lspci (list PCI) Linux command displays information about each PCI bus on your system. This includes information about the devices connected to the PCI subsystem.
In this tutorial, we will cover the
lspci command syntax and show you different ways to use it.
- A system running a Linux distribution.
- Access to an account with sudo privileges.
- Access to the terminal window or command line.
How to Install lspci
Start by updating the system repository to the latest version:
sudo apt update
lspci command is a part of the pciutils package. Pciutils is included in most Linux distributions by default.
If you want to install the pciutils package manually, use one of the following commands, depending on your Linux distribution:
sudo apt install pciutils
sudo yum install pciutils
sudo dnf install pciutils
- Arch Linux:
sudo pacman -S pciutils
lspci Command Syntax
lspci command uses the following syntax:
lspci command without any options produces an output similar to the following:
Let's take the first line of the output:
00:00.0 Host bridge: Intel Corporation 440FX - 82441FX PMC [Natoma] (rev 02)
The output above contains the following sections:
00:00.0- The bus number, device number, and function number, in that order.
Host bridge:- Device class.
Intel Corporation- Device vendor.
440FX - 82441FX PMC- Device name.
[Natoma]- Mode of operation.
(rev 02)- Revision number.
lspci Command Options
lspci command uses the following options:
|Display output in a backward-compatible machine-readable form.|
|Display output in a machine-readable form for easy parsing by scripts.|
|Display output as a tree diagram.|
|Display a verbose version of the output.|
|Display a very verbose version of the output.|
|Display all available information in the output.|
|Show kernel drivers and modules handling each device.|
|Display the standard part of the configuration space in a hexadecimal format.|
|Display the whole PCI configuration space in a hexadecimal format.|
|Display the extended PCI configuration space in a hexadecimal format.|
|Display numbers and addresses as seen by the cards instead of the kernel.|
|Always display PCI domain numbers.|
|Identify PCI devices by path through each bridge instead of by bus number.|
|Identify PCI devices by path through each bridge, showing both the bus and device number.|
|Display PCI vendor and device codes as numbers.|
|Display PCI vendor and device codes as both numbers and names.|
|Use DNS to query the central PCI ID database if a device is not found in the local pci.ids file and save the result in the local cache.|
|Use DNS to query the central PCI ID database if a device is not found in the local pci.ids file and reset the local cache.|
|Use DNS to query the central PCI ID database even if a device is found in the local pci.ids file.|
|Only show devices in a specified domain.|
|Only show devices with the specified vendor, device, and class ID.|
|Read PCI ID information from a user-defined file.|
|Use a custom file to map PCI IDs handled by kernel modules.|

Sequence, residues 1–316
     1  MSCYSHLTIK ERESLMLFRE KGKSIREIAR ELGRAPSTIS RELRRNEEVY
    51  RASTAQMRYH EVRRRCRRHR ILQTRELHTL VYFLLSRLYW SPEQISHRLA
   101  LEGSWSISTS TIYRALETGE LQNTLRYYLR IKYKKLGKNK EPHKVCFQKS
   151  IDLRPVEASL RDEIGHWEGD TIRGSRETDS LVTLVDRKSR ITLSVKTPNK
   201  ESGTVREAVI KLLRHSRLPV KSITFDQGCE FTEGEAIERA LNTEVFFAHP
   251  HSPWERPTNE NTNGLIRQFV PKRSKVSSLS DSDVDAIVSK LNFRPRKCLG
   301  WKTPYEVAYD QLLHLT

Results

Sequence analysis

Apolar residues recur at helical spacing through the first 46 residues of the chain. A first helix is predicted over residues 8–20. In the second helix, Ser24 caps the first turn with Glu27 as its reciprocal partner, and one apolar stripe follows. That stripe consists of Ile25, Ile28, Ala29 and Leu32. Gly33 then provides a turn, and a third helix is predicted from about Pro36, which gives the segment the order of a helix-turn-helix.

|Perform a thorough scan of all PCI devices.|
|Display the current command version.|
|Select a custom PCI access method.|
|Set a custom parameter for the PCI library.|
|Use direct hardware access via Intel configuration mechanism 1.|
|Use direct hardware access via Intel configuration mechanism 2.|
|Use a text file as a list of PCI devices.|
|Increase debug level of the PCI library.|
Here are some ways you can display the PCI device information using the
Display PCI Information in a Machine-Readable Format
-mm option to display the PCI information in a machine-readable format:
This output format adds double quotation marks (
") around each information category, making it easier to pass the data to a shell script.
-m option displays the data in a backward-compatible machine-readable format.
Display PCI Information as a Tree Diagram
-t option displays the bus, device, and function numbers in a tree diagram, showing how they are connected:
Display PCI Information in a Detailed Format
lspci command lets you set the level of detail to show in the output. Using the
-v option displays the output in a verbose format, with in-depth information about all devices:
-vv option shows the very verbose output:
-vvv option shows the highest level of detail in the output:
Display PCI Information in the Tag:Value Format
Combining the verbose and machine-readable formats displays the output in the tag:value format:
The tag:value format lists PCI devices in a format similar to JSON, making the information easier to read. Each device is a separate section, with the information displayed in multiple lines:
Display PCI Information for a Specific Device
-s option lets you display information for a device by providing the bus, device, and function number:
lspci -s [bus number]:[device number].[function number]
For instance, showing the information for the device at 00:00.0:
lspci -s 00:00.0
Another method is to use the vendor and device code with the
lspci -d [vendor code]:[device code]
For example, looking up the same device as above, this time with the vendor and device code:
lspci -d 8086:1237
Note: If you only have the vendor code or the device code for the device you want to look up, use
lspci -d [vendor code]: or
lspci -d :[device code].
Display Device Codes
-n option displays the vendor and device code for each PCI device:
-nn option displays both the vendor and device codes and device names, making it easier to read the output:
The vendor and device codes are displayed in brackets at the end of each entry:
Display Kernel Drivers
-k option displays a more detailed version of the output, including the kernel drivers and modules currently in use:
After reading this tutorial, you should be able to use the
lspci command to look up information about the PCI devices connected to your system.
Learn more about using Linux commands in our Linux Commands Cheat Sheet.